Race and Wrongful Convictions

Thomas Raynard James, Anthony Ray Hinton, Vincent Simmons, Devonia Inman, Kevin Strickland, Juwan Deering, Grant Williams and the list goes on. Black individuals are overrepresented at every level of the criminal justice system but nowhere more so than in the percentage of known wrongful convictions. 

Between two and ten percent of convicted individuals in United States prisons are later found to be innocent. With over 2.3 million incarcerated individuals in the U.S, that seemingly small percent of innocent people behind bars becomes anywhere from 46,000 to 230,000. So far, proven innocent people have served more than 24,000 years in prison. Perhaps more disturbing than these statistics are ones that consider racial discrepancies on the topic of wrongful convictions and exonerations. Innocent Black people are seven times more likely to be wrongfully convicted of crimes like murder than innocent White people; especially when the victim of the crime is White. This becomes especially troubling considering it takes longer to exonerate an innocent Black person than an innocent White person. Innocent Black individuals on death row spend an average of 13.8 years wrongly imprisoned before being exonerated — about 45% longer than innocent white people. This racial disparity in time spent wrongfully incarcerated holds true across different types of convictions. Of the 185 people exonerated from death row since 1973 about 53% are Black. Historically, the death penalty has been disproportionately applied to Black people in the U.S., and they are still overrepresented on death row. Today, the states that sentence the most people to death are those that once carried out the most lynchings.

There are a plethora of contributing factors to wrongful imprisonment. Mistaken eyewitness identifications, false or misleading forensic science, jailhouse informants, and faulty forensics are all contributing factors to wrongful convictions in general. However, there are major factors that are very commonly involved in wrongful conviction cases of Black individuals: misconduct by government officials, false testimony, and all-white juries. Misconduct by government officials during criminal cases can take many forms including witness tampering, misconduct in interrogations to produce false confessions, fabricating evidence, concealing exculpatory evidence, and misconduct at trial. A recent study concluded that Black defendants were most impacted by officials’ misconduct. Among cases involving Black exonerees, the rate of misconduct was 57%. The same study confirmed that prosecutors and police officers committed misconduct at comparable rates: prosecutors in 30% of exonerations and police at 34%, indicating the presence of race-based corruption at multiple levels of our justice system. False testimony, another contributing factor to wrongful convictions of Black individuals, also illustrates this type of corruption. Historically, innocent Black men are significantly more likely to be convicted of crimes because of false testimony. Currently, more than half of all wrongful convictions can be traced back to a false allegation or false testimony. Because Black people represent nearly half of all exonerations, the burden of false allegations falls disproportionately on them. Furthermore, Black individuals feel this undue burden most when it comes to sexual assault cases, in which they are three-and-a-half times more likely to be innocent than a White person convicted of sexual assault. This has been an issue throughout history. Consider Emmett Till:  a 14-year-old Black boy who was abducted, tortured and killed in 1955 after he was accused of sexually assaulting Carolyn Bryant, a White woman (who admitted 50 years after the crime that Emmett had never actually put his hands on her). Similarly, all-white juries have historically been a source of corruption leading to the unjust imprisonment of Black individuals. It was only 85 years ago that the Supreme Court decided in Norris v. Alabama that the systemic exclusion of Black people on juries denies fair trials. This was decided in relation to the wrongful convictions of the Scottsboro Boys; a case in which nine Black boys were falsely accused of raping two White women on a train near Scottsboro, Alabama. Before eventually receiving pardons, the boys were repeatedly wrongfully convicted by all-White juries. Regardless of the precedent resulting from this case, we still see nearly all-white juries convict Black men. Recent cases involving Black men garnering national attention, such as the Julius Jones and Ahmaud Arbery cases, have been decided by juries with eleven White jurors and the remaining one juror identifying as a person of color.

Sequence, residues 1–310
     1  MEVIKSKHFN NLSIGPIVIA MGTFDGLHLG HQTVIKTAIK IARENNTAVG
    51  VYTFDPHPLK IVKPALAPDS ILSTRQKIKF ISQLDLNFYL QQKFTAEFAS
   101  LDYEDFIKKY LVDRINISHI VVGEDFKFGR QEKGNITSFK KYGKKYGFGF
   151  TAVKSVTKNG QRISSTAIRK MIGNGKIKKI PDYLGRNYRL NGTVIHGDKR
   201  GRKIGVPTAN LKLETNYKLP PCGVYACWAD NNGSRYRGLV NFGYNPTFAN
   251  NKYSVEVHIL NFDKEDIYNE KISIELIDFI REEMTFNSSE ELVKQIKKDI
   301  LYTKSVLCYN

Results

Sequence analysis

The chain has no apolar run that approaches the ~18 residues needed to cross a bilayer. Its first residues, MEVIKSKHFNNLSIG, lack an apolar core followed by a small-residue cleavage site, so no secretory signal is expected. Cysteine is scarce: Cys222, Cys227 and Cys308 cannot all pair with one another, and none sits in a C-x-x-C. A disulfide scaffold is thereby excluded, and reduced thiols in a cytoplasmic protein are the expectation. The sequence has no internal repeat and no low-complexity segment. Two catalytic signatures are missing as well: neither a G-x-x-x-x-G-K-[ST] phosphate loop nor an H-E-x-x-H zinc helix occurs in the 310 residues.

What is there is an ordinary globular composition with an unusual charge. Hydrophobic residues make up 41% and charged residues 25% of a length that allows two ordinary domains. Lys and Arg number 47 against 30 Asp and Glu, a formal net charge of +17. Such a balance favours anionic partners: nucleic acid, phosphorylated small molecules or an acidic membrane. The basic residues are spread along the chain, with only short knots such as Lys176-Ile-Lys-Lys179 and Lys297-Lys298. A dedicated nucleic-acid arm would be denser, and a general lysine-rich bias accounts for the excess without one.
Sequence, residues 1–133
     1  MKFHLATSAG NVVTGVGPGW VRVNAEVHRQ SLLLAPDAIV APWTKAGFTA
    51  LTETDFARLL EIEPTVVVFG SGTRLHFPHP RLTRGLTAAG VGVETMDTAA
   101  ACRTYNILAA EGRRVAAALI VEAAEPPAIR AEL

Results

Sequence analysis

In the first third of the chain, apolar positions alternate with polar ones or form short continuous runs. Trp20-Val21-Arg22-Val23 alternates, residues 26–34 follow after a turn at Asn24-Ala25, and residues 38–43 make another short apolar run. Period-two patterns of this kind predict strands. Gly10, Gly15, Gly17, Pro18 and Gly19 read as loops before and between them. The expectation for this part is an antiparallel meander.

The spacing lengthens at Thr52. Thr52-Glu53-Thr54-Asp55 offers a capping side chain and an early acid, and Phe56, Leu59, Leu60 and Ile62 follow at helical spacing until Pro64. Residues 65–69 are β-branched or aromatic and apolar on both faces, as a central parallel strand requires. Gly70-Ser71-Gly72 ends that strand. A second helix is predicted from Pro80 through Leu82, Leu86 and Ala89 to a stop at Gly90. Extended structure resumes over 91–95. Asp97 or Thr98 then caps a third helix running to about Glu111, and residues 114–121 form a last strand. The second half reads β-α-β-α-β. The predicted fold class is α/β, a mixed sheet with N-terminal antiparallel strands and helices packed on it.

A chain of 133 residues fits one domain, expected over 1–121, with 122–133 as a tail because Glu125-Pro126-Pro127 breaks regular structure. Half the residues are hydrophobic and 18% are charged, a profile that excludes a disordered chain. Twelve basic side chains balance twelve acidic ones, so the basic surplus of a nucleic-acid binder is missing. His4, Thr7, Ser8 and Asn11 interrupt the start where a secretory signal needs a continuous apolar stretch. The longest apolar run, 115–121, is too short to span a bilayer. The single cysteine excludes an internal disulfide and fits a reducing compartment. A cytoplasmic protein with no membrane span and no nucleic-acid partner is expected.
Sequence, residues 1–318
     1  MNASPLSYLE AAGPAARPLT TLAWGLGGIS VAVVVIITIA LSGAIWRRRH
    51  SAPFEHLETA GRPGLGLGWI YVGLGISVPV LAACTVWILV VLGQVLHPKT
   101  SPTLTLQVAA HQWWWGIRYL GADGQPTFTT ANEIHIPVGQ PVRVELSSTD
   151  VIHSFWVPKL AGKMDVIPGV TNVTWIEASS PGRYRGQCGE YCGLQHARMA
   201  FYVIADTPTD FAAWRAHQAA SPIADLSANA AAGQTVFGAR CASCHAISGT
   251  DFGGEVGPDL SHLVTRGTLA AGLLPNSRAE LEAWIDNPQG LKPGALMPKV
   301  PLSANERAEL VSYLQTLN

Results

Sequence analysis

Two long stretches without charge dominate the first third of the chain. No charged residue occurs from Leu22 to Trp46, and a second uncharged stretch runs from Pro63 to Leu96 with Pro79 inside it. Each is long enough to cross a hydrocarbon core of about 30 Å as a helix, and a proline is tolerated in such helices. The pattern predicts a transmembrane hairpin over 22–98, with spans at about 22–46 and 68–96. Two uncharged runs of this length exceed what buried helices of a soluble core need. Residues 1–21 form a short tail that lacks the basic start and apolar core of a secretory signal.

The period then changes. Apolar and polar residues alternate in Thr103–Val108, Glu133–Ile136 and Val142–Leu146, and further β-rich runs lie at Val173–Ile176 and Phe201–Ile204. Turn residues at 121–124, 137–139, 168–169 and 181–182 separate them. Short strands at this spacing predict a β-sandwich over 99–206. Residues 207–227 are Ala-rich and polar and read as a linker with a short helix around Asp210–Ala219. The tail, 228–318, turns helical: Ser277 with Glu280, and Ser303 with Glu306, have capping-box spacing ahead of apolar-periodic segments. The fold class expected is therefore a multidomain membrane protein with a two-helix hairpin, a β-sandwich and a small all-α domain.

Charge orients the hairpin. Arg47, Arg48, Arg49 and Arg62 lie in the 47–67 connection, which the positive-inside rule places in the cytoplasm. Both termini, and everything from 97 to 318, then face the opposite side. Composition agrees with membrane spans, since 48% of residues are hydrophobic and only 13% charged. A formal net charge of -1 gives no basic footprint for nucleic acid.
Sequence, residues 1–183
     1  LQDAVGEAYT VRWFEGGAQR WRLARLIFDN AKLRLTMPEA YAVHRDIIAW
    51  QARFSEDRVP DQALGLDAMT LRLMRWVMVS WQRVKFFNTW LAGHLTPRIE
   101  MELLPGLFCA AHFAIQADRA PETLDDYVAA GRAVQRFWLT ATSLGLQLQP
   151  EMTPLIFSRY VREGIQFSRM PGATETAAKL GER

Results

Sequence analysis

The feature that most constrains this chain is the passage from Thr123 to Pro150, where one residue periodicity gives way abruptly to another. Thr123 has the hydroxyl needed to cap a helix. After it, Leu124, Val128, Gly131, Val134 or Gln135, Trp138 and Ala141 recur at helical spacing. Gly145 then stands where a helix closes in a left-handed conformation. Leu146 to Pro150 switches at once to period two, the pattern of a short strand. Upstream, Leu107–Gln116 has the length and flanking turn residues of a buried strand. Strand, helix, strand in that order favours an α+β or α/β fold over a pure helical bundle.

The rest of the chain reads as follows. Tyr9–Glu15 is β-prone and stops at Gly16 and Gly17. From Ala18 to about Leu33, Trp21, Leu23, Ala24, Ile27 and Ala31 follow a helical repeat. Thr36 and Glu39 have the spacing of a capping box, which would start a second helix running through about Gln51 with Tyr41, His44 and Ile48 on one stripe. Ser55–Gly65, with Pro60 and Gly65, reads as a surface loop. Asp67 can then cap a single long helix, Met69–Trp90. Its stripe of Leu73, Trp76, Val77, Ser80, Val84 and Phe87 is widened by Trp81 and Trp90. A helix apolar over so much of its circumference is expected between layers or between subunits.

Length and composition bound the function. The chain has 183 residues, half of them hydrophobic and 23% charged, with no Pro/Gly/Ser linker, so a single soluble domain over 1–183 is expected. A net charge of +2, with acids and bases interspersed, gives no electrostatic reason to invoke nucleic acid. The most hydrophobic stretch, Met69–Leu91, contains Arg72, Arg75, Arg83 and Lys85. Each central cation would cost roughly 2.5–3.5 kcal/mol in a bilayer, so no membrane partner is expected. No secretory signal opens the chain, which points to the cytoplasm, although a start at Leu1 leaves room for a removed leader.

Wrongful convictions of Black Americans cannot be merely accidental– but rather racially motivated. From prosecutorial misconduct to all-white juries to knowingly false testimony, Black Americans often are intentionally disadvantaged by our criminal justice system. There are proportionally too many cases of wrongful conviction in which the victim is Black to say that it is simply coincidental; rather, this phenomenon is yet another example of American institutions and systems actively disadvantaging Black Americans.